|Sir Walter at Home; Mrs. Clay is to the left.|
Penelope is certainly not as low down the hierarchy as a servant, but she isn't as high up the hierarchy as, even, Elizabeth is to Darcy. Elizabeth argues, correctly, that since both she and Darcy are products of the gentry, there can be no objection to a marriage between them. (Note, however, that she does not argue, "Darcy can marry whomever he wants!")
Like the wife that warmed King David's bed in old age, Penelope Clay's hope (for most of Persuasion and Persuadable) has been to catch Sir Walter's interest when he is feeling his age or, more specifically, when Sir Walter is feeling abandoned.
It may seem odd that Sir Walter would experience the empty nest syndrome when his eldest daughters are nearing thirty (rather than earlier), but during the Regency era, people stayed home until they married. This interesting trend has begun to reassert itself in recent years ("reassert" since children staying at home until marriage has been more common throughout history than single people living on their own).
With only one single daughter left, Sir Walter will surely wonder who is going to cosset him in his remaining years. Anne and Will Elliot both correctly foresaw how Sir Walter's vulnerability might make him susceptible to the suggestion of marriage; this is not a man who manages well on his own.
If he doesn't marry, and Elizabeth does, he will probably try to move in with one of his daughters. Like King Lear's daughters, the daughter he understands the least would likely be the most willing. But Captain Wentworth would no doubt put his foot down.
[Penelope and Sir Walter meet in the Camden Crescent residence.]
“Ah, my dear Mrs. Clay,” he said and gave her his roguish look that made him look about as dangerous as a starling. “You’ve heard our latest news, no doubt. My daughter Anne is engaged to Captain Wentworth.”
She joined him at the head of the stairs and coyly tilted her head. “It is difficult to believe that you, Sir Walter, could have any daughter about to be married.”
She conveniently failed to mention Mary, and Sir Walter blustered in a pleased fashion. He took Penelope’s hand and patted it.
“What will I do when I lose Anne’s comforting support?” he said as if he’d ever shown a preference for Anne’s company.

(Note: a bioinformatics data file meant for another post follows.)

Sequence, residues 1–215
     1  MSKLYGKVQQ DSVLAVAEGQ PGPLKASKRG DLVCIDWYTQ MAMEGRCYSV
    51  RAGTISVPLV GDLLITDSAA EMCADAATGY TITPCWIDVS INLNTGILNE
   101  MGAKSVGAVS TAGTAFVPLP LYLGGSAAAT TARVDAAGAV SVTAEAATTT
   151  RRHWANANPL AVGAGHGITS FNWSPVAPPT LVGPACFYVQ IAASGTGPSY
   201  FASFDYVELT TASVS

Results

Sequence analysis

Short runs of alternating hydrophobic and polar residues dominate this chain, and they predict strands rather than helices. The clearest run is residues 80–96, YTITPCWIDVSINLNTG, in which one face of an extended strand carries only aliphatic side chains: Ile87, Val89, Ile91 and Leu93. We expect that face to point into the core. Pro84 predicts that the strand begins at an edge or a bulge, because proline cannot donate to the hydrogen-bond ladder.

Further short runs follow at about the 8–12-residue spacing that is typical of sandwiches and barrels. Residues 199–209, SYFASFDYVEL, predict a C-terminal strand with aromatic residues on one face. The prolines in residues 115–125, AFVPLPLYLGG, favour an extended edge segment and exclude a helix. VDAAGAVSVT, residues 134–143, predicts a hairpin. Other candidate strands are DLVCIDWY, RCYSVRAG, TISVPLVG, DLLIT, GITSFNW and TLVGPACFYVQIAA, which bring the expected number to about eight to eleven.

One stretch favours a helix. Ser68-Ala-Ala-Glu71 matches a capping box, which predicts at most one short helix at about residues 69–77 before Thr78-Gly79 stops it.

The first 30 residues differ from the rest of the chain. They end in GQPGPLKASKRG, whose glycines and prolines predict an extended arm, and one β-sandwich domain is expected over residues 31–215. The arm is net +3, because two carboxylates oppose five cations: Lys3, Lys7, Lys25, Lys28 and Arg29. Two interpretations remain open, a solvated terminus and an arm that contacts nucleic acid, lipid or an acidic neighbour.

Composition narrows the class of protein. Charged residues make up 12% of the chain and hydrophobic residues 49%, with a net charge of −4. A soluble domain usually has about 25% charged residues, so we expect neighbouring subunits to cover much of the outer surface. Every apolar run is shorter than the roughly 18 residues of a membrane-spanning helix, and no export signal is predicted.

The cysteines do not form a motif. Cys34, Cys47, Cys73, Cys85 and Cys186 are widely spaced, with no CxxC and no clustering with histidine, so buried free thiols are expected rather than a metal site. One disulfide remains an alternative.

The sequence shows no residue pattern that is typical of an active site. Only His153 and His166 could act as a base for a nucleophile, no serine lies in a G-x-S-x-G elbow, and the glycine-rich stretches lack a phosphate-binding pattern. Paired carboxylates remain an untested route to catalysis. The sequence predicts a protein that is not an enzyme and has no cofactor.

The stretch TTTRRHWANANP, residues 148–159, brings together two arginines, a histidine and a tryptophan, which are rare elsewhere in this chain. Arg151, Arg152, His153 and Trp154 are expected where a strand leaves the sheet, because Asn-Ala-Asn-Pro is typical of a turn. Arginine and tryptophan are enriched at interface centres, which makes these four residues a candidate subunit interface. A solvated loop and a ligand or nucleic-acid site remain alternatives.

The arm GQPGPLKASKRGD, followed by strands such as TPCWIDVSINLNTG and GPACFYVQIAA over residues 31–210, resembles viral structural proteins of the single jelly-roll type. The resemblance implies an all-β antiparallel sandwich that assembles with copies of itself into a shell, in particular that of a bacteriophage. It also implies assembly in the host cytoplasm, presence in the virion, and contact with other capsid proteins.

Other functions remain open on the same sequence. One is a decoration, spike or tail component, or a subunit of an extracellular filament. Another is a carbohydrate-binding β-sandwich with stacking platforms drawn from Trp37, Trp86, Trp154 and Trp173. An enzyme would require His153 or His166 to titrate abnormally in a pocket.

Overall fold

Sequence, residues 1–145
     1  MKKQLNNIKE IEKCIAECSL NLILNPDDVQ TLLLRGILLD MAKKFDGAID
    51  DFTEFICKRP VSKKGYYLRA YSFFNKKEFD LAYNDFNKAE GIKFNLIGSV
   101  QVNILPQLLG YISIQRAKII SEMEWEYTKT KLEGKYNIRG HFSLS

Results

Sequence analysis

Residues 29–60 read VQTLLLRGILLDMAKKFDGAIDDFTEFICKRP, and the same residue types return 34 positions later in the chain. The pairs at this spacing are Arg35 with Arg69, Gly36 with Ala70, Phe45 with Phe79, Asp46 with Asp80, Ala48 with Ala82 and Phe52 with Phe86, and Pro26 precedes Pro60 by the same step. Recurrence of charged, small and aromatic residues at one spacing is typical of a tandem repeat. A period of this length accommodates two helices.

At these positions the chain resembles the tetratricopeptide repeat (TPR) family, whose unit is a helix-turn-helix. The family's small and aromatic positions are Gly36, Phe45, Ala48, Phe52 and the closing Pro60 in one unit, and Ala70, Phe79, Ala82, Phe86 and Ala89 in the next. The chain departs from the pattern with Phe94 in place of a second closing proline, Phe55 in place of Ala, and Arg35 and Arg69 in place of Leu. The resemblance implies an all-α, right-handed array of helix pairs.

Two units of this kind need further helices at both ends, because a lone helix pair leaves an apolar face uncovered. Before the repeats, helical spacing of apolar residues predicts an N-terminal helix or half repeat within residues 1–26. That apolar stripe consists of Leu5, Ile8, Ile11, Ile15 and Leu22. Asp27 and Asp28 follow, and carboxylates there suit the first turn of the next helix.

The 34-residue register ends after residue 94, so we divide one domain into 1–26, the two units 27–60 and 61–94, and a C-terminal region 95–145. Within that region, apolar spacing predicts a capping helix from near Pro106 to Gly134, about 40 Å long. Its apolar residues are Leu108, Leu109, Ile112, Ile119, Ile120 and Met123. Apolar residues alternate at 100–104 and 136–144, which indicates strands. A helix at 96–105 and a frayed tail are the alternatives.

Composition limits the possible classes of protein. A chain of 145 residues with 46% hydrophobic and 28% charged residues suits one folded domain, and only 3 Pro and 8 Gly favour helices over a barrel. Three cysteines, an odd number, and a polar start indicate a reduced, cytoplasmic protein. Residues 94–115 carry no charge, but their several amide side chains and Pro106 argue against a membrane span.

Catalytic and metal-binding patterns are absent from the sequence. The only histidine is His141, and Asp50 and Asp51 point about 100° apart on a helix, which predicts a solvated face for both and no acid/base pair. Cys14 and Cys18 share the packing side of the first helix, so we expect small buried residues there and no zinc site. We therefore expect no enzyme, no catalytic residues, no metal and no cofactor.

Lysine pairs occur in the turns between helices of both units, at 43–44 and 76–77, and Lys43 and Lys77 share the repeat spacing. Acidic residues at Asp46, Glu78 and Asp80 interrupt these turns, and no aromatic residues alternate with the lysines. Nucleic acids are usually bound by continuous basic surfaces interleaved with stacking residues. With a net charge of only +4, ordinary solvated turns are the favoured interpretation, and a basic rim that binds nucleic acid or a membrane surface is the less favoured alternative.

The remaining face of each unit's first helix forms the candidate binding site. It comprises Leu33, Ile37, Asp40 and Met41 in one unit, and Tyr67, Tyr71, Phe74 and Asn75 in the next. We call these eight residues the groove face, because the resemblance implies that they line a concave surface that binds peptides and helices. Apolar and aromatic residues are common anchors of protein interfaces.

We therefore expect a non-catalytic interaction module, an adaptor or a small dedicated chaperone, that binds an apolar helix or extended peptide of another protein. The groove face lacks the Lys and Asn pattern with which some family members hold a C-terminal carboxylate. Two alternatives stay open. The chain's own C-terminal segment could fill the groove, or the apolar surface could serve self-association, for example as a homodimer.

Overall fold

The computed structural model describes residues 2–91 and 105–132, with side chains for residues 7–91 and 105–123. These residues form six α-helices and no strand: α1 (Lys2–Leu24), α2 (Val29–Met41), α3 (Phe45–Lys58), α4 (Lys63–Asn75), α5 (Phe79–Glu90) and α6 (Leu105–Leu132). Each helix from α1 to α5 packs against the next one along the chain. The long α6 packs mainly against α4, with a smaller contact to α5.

Anne found her own source of comfort, Penelope thought and felt an unexpected surge of jealousy.
She had never desired the middle Elliot daughter’s life with its self-effacement and mildness in the service of others. But she wished now for Anne’s freedom—to be satisfied and respectable and secure. I have such small desires. Can’t I just have them?
Sir Walter was still patting her hand. He looked genuinely disheartened; Penelope could guess his thoughts. He might have no interest in Anne, but before her engagement she had been available—a spare daughter to look after her father’s needs. Now there was only Elizabeth, and Sir Walter believed firmly in Elizabeth’s ability to marry well.
He was afraid of being alone.
Now’s the time. Penelope should lean in, cover his hand with hers, say, “Oh, Sir Walter, think how much more frightening life is for an unattached woman.”
He would comfort her. She’d put her head on his shoulder. He’d start thinking about his future, about how she could ease his cares.
I’m not a lady, but he’ll convince himself that the merit of his title precludes my lack of one. Sir Walter would put his desire for security above all else.
She loosed her hand. She said, “I’m sure your new son-in-law will never place his needs before a father’s.”
She didn’t believe that for a moment. Captain Wentworth was definitely the type to keep his wife by his side. But Sir Walter cheered up and continued on to his room.
Penelope went to hers, shut the door, and slid to the floor, arms around her knees. From that position, all she could see through the small, square window was blazing blue sky. She might be in any room in any city. She might be in London with Will.
She smiled ruefully. I never thought I’d be such a fool to give up the opportunity to secure a baronet. She knew what happened to women who thought with their hearts.
And yet, Penelope was not like other women. She’d survived a tedious marriage and had two intelligent sons (foisted onto her parents) to show for it. She’d survived interfering neighbors, pushy creditors, and leering landlords. She’d survived Sir Walter and his family.
She could survive anything.